On-Page SEO Auditing

Site Audit: Summary & Explanation of results

Getting your site audited and tested for on-page SEO factors and bugs in your website’s design is an essential part of creating and maintaining an SME/Social Enterprise Website.

So your website has just been built, just about to be rebuilt, or your site has been live for a while, and you want to check that serious errors haven’t crept into your site’s content and structure, We Build The Web can help.

We’ll conduct an audit of your site’s content and structure to discover broken links, HTML/CSS errors and errors with the site’s on-page SEO factors such as META information not being adequate for SEO purposes.

Please like or share this website in order to be able to read this explanation on how to act on the reports from out website audits.

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The following guide describes what we test for with explanations of what the different tests mean and how to fix any issues that crop up:

INDEXING AND CRAWLABILITY

Firstly, we’ll check your site for indexing and ‘crawlability’ issues and will start by searching for any 404 page not found errors and website 5xx errors.

RESOURCES WITH 4XX STATUS CODE

404 errors are often caused by the URLs of pages changing or content being removed or moved.

When you get a new version of your site built, there may be links from other sites to old URLs from the old version of your website.

There are a couple of ways of eliminating these:

  1. First off, install a WordPress redirection plug-in and redirect the URL’s from the old URLs to the new content or suitable related content on your new website. Preferably use a plug-in that notices changes to your site’s URLs automatically so that your site redirect rules are added whenever you change a page or post’s URL. This will ensure that visitors to your site that are using an old URL are automatically redirected to the new or related content on your site.
  2. Make sure you create a custom 404 error page so that users are automatically taken to a custom 404 error page that both tells the person who has tried to find a page that no longer exists that the site can’t find the page (or post) that they were looking for.
  3. You could also add a sitemap to this custom 404 error page to help your visitors to find the page or content that they were looking for.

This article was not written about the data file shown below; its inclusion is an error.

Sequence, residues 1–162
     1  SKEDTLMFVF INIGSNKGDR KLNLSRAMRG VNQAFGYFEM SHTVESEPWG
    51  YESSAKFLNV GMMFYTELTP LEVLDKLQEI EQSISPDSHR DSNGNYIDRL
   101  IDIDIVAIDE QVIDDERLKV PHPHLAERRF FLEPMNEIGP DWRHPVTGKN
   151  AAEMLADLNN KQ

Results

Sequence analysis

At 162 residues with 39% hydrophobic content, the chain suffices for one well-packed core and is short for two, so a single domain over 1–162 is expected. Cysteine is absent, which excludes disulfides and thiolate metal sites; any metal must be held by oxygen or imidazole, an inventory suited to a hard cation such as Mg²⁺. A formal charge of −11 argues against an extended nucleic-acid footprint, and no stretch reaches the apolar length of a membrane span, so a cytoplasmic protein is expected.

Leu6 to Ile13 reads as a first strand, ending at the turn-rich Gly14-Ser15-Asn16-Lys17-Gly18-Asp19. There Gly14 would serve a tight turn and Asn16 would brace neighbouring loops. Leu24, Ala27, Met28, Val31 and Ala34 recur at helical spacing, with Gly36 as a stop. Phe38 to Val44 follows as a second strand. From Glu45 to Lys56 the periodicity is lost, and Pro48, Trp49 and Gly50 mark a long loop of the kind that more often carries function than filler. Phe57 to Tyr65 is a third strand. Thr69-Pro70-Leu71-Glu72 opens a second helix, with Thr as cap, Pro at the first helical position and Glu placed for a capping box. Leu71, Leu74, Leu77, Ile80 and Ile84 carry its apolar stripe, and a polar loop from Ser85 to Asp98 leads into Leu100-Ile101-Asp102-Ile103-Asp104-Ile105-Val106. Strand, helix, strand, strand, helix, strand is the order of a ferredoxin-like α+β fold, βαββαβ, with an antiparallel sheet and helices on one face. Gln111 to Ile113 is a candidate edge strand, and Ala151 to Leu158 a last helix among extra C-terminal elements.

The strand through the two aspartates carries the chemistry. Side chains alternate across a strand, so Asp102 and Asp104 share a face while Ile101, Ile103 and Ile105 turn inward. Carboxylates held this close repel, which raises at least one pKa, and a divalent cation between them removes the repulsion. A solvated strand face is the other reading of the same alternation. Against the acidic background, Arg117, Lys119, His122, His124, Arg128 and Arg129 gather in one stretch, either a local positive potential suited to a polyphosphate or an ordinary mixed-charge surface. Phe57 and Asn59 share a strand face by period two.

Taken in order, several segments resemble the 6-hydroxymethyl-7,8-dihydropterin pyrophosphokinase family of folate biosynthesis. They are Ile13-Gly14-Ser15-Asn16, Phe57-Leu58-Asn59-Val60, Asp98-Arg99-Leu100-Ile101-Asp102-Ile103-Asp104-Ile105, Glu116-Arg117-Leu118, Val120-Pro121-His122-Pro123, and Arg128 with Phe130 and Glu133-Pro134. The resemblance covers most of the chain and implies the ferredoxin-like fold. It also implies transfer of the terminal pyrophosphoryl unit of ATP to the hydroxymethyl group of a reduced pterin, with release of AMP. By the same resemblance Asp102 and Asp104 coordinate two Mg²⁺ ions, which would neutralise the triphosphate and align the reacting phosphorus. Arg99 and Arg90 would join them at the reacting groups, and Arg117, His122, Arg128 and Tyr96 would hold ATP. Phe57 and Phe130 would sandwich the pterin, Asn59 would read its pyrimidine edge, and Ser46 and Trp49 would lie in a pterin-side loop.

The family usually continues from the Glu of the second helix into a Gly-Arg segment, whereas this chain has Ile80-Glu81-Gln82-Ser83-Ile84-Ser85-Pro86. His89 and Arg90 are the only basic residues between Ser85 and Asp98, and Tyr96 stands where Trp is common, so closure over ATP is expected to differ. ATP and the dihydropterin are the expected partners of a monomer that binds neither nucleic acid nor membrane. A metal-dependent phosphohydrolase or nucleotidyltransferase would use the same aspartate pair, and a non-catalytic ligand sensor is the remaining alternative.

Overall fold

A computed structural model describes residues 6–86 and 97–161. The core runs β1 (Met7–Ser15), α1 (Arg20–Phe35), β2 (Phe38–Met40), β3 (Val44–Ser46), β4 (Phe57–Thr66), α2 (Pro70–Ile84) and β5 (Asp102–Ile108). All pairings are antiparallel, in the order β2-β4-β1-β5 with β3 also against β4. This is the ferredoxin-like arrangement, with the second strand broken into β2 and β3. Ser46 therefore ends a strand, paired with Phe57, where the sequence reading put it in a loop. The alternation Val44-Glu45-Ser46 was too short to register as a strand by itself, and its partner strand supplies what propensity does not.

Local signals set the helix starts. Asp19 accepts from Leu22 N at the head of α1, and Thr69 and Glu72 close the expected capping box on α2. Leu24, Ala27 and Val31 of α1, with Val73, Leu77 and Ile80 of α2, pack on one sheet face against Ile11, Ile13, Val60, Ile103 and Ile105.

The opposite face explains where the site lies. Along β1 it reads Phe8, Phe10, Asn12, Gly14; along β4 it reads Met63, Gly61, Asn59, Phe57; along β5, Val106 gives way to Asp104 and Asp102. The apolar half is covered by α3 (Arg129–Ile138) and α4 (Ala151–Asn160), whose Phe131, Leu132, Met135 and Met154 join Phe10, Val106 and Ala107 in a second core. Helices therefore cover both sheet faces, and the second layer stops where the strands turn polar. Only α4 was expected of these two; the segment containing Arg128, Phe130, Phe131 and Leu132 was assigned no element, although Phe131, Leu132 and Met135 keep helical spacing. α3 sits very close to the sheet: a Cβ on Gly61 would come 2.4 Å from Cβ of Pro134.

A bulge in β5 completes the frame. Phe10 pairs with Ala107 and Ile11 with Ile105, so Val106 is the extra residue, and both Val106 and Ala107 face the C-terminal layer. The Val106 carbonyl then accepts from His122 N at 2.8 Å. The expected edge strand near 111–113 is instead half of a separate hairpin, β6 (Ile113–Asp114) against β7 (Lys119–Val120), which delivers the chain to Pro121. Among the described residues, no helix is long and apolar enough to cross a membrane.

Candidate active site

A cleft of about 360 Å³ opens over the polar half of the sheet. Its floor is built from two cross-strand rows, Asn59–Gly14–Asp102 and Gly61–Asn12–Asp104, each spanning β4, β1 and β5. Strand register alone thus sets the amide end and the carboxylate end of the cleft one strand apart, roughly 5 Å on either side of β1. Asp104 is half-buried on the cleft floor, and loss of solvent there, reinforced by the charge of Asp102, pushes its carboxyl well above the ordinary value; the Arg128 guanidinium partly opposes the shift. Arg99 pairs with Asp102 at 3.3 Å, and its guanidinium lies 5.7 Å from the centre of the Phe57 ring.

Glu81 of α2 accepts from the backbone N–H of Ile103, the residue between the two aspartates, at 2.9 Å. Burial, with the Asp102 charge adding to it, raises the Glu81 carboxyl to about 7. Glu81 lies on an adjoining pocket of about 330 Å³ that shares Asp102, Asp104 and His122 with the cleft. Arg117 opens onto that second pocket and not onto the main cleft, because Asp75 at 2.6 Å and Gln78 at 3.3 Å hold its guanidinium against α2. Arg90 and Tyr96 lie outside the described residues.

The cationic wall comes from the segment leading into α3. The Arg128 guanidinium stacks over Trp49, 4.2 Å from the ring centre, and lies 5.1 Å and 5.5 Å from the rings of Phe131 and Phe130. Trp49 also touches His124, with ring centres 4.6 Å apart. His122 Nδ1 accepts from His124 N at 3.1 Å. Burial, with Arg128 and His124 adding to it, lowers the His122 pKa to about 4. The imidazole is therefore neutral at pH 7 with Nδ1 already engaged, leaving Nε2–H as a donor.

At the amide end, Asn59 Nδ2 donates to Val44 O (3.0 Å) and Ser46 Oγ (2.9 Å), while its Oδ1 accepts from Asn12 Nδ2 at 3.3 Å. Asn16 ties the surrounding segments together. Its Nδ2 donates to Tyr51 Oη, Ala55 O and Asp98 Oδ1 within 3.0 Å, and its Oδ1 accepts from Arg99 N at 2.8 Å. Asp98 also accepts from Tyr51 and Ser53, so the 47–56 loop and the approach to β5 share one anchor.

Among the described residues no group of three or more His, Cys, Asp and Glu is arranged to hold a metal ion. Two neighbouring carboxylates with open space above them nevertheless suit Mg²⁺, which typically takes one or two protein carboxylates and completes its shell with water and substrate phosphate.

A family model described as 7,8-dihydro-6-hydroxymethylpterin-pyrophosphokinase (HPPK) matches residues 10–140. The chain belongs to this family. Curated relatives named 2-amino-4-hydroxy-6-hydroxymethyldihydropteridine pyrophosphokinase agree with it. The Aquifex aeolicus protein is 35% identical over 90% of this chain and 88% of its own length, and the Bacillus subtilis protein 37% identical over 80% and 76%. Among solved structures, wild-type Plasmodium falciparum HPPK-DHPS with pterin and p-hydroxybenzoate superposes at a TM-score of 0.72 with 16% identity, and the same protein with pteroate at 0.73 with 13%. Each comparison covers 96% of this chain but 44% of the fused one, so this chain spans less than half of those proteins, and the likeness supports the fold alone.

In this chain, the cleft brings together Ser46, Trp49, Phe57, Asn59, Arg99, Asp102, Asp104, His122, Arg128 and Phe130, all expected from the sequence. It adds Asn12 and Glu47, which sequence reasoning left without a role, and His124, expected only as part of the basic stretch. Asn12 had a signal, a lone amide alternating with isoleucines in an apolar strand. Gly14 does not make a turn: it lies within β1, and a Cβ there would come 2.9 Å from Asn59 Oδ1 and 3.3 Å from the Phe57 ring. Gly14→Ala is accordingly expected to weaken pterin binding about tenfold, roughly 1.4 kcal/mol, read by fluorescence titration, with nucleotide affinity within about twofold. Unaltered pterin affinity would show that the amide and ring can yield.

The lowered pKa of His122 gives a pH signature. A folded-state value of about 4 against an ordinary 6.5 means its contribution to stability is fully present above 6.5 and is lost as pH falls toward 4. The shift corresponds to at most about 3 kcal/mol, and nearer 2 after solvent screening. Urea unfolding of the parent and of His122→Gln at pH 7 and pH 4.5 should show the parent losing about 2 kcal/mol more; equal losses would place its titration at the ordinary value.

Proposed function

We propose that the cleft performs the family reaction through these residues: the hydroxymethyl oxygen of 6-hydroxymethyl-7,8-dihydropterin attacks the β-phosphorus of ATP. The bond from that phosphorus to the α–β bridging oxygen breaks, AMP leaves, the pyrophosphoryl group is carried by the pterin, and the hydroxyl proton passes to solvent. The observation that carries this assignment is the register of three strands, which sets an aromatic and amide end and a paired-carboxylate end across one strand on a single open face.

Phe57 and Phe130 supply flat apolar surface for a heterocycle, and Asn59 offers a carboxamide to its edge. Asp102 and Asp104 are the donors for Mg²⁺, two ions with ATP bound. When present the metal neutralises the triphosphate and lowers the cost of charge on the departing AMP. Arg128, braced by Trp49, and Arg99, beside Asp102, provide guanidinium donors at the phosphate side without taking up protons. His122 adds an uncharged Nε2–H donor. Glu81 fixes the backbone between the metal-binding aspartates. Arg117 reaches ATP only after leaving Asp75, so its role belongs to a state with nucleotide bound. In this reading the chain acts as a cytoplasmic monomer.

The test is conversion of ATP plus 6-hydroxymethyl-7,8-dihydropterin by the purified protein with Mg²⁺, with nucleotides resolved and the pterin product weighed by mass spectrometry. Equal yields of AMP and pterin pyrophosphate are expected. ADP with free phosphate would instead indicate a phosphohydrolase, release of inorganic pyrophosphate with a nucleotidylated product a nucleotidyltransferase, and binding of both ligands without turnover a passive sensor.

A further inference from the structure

4. You could also add a search box to this custom 404 error page in case visitors want to search your website for the content that they’re looking for.

RESOURCES WITH 5XX STATUS CODE

A website error code that starts with a ‘5’ appears when the server that a site is hosted on fails to fulfil a request. It also tells the user that the server is aware that there’s been an error.

There are various different 5nn error codes that users of the internet might come across and here’s an overview of the most common that you could come across:

500 INTERNAL SERVER ERROR MESSAGE

When the server has encountered an unexpected problem that is stopping it from displaying the requested content by the website visitor it will display a 500 error message.

501 NOT IMPLEMENTED ERROR MESSAGE

A server will generate a 501 error message when it doesn’t support the functionality used on a website so is unable to process a request or when the server doesn’t recognise the request made.

This error code also means that your server isn’t currently able to support and request and but that it could be available in the future.

502 BAD GATEWAY ERROR MESSAGE

This error occurs when a server is being used as a gateway or proxy to another server/location and has received an erroneous response from the server that it’s trying to access while trying to process the request.

503 SERVICE UNAVAILABLE ERROR MESSAGE

If a server is struggling to process or cope with a request then it’ll display this error message. This error message means that the server is temporarily unable to complete the request made to it. Usually because the server doesn’t have sufficient resources in order to process the request.

So, if you’re getting this error you might need to check that your web server has the CPU or memory resources to run your site.

It could also be down to a badly coded plug-in so another way of fixing error messages with this code by trying to use a more server-friendly plug-in or technology.

504 GATEWAY TIMEOUT ERROR MESSAGE

This error is displayed when, while acting as a gateway or proxy, the server didn’t get a response from the server that it’s sent a request to quickly enough.

505 HTTP VERSION NOT SUPPORTED ERROR MESSAGE

This error message is shown when a server doesn’t support the specified HTTP protocol version used in the request but this response will frequently contain details of why the HTTP protocol version isn’t supported.

506 VARIANT ALSO NEGOTIATES

When a server has an error located in its configuration and its chosen variant resources are intended to negotiate with a ‘transparent’ process then it will commonly display this error message.

507 INSUFFICIENT STORAGE ERROR MESSAGE

This error message is usually generated by the server when a method couldn’t be completed due to it being unable to store and complete a request.

This is similar to the 503 error message in that it usually means that the issue is temporary and that this has come about because of a user interaction with a web app or function on the server.

508 LOOP DETECTED ERROR MESSAGE

This error is usually displayed when there is an infinite loop problem with the server’s configuration and often this is linked to redirects that have been added to the server or web app’s configuration and this infers that the whole process has failed.

511 NETWORK AUTHENTICATION REQUIRED ERROR MESSAGE